I love how readily the health care industry has taken to the IoT. You folks are leading the way in both enterprise and consumer-facing M2M technology, implementing solutions throughout your infrastructure with the goals of efficiency, cost savings, and most importantly, better patient health.
The only problem is that your security apparently has more holes than an exceptionally stinky Jarlsburg. I was at the IoT Security 2015 conference Sept. 22 and 23 in Boston, where we talked about everything there was to consider in engineering a better, safer, more private, and more secure IoT. Although it was clear that every aspect of the system needs work, with better encryption of data and connectivity signals a primary goal, better training of personnel and securing on devices seemed to be the key first steps for everyone.
The two strategies will work quite well together, in fact. New devices should be loaded with high-end authentication mechanisms that tie into cloud software so that biometric or other coding supplies staffers who need access to devices get the correct access while maintaining privacy.
Meanwhile, they can be trained alongside existing HIPAA regulated trainings to properly interact with these connected devices so logging of patient information can be seamlessly achieved. Since all of this technology is already available, and the hospitals, clinics, and pharmacies are all aware of them, what’s the hold-up? Well, the panel of expert speakers from Symantec, San Diego Health Connect, Ryerson University, and Strategy Analytics seemed to be in agreement about that: the lawyers.
It’s not that anyone said the lawyers don’t mean well (someone totally did say that). Really, though it seems that the legal regulations are making everyone in the health care complex a bit gun shy when it comes to liability and possible litigation. As a result, the administrators are very careful to stay within the letter of the compliance regulations requirements to avoid getting sued instead of upgrading systems before being mandated to do so by HIPAA.
The thing is, these upgrades are totally within the spirit of the regulations. HIPAA was designed to protect patient privacy and make hospitals and the like responsible for maintaining that privacy. The best way to do that is to put better, secure technology into the hands of the health care professionals trying to do their jobs. Right now, many of the connected devices currently in use are vulnerable to anyone with the most basic knowledge of how connectivity works. Once that’s discovered, institutions only have two choices: disconnect the IoT functions, making the device much less functional for taking care of the patient’s health, or upgrade it with better security and get back into the grey area beyond the letter of the regs.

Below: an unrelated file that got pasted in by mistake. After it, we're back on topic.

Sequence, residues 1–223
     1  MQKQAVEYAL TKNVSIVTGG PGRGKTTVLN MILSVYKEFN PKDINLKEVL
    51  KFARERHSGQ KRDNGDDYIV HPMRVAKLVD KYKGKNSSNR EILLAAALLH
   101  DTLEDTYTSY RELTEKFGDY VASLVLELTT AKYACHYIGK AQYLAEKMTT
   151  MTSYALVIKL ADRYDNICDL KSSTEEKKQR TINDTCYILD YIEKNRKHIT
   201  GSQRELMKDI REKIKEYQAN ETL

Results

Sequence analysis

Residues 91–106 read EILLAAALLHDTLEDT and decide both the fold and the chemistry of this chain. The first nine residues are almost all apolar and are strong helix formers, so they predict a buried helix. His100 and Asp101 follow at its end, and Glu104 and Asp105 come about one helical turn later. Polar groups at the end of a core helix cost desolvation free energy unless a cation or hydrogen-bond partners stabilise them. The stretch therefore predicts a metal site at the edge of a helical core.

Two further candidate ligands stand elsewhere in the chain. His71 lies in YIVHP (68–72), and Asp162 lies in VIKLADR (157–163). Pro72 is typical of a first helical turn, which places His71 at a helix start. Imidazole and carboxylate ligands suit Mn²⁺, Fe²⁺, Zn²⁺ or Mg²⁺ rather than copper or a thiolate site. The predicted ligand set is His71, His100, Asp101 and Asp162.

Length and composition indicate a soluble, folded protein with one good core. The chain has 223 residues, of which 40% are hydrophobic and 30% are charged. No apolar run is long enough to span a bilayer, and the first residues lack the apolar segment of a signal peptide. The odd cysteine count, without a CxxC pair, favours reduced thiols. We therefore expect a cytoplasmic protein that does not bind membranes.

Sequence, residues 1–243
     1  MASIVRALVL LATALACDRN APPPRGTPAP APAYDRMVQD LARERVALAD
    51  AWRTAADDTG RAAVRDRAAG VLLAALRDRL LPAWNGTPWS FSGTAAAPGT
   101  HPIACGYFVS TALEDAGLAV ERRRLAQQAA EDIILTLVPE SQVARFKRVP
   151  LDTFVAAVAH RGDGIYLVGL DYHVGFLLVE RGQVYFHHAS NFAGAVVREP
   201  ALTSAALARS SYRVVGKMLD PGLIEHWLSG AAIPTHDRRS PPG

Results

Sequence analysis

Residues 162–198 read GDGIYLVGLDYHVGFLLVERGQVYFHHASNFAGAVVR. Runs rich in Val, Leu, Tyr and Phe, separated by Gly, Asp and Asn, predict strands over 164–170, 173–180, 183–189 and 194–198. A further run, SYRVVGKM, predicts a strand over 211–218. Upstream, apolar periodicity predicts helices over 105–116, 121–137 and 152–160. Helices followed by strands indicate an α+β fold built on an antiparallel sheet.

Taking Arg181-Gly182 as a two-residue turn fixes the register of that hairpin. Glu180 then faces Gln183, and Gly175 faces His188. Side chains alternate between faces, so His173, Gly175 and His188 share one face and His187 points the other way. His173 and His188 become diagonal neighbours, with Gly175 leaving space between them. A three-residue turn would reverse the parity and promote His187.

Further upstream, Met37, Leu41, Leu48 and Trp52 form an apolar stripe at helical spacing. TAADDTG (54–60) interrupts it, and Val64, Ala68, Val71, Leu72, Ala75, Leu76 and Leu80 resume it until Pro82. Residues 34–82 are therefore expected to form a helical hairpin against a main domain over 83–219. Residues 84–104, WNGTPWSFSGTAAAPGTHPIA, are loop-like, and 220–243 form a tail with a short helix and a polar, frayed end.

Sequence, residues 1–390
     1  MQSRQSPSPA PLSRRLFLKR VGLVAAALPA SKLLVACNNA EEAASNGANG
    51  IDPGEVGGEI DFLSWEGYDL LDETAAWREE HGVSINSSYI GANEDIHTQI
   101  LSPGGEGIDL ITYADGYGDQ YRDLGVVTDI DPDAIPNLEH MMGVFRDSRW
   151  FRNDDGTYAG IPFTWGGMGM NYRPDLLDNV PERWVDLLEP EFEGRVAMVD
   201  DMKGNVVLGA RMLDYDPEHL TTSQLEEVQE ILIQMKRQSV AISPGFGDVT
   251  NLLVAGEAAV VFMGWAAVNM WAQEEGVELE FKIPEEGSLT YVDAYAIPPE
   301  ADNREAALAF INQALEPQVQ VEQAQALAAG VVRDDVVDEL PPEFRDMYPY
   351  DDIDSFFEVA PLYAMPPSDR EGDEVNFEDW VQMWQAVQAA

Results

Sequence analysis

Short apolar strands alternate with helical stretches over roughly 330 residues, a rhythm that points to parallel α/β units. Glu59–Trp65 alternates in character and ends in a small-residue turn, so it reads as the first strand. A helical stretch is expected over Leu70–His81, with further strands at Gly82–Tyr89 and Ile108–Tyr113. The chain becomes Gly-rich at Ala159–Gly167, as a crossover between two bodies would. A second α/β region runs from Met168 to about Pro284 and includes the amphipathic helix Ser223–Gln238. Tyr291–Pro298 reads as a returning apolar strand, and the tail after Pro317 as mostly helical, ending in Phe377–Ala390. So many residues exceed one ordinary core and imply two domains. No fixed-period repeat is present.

The only thing we have to fear isn’t fear this time. It’s poor health care. We need to get beyond this fear and make some progress into the connected world. The regulations want patients to be safer, which is possible with new devices, loaded with advanced encryption and authentication protocols. Without those devices, we have hospitals full of dumb devices that could be smarter, or smart devices that could potentially hemorrhage patient data into the hands of bad actors.
And that’s already happening big time. According to a report in The Washington Post, more than 120 million people have had their data compromised since 2009 in more than 1,100 separate reaches at organizations handling protected health data. The Post got its data from the Department of Health and Human Services.
We’re at the cusp of a crisis. The health care industry was one of the first to see the potential of the IoT, one of the earliest adopters of it, and is poised to make the most difference in the lives of consumers in a real way. If the industry doesn’t make devices that are clearly compliant with HIPAA and other regulations, health care organizations won’t feel comfortable continuing to lead the way. And if the health care organizations don’t put the pressure on to make that happen, they will lose their lead and advantage.
And if all that doesn’t happen, the real losers will be the patients. And they’re getting impatient.
That’s a little joke.
But if this doesn’t happen — and soon — no one is going to be laughing except the lawyers. Let’s work together so that doesn’t happen, shall we?
Edited by Ken Briodagh